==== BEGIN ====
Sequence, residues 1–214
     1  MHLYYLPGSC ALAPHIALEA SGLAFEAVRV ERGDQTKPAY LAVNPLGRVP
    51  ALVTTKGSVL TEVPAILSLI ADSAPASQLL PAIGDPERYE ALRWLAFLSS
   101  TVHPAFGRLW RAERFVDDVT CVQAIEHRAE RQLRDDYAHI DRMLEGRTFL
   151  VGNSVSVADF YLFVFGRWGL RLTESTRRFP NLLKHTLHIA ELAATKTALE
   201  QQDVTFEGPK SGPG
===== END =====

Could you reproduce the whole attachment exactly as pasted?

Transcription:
Sequence, residues 1–214
     1  MHLYYLPGSC ALAPHIALEA SGLAFEAVRV ERGDQTKPAY LAVNPLGRVP
    51  ALVTTKGSVL TEVPAILSLI ADSAPASQLL PAIGDPERYE ALRWLAFLSS
   101  TVHPAFGRLW RAERFVDDVT CVQAIEHRAE RQLRDDYAHI DRMLEGRTFL
   151  VGNSVSVADF YLFVFGRWGL RLTESTRRFP NLLKHTLHIA ELAATKTALE
   201  QQDVTFEGPK SGPG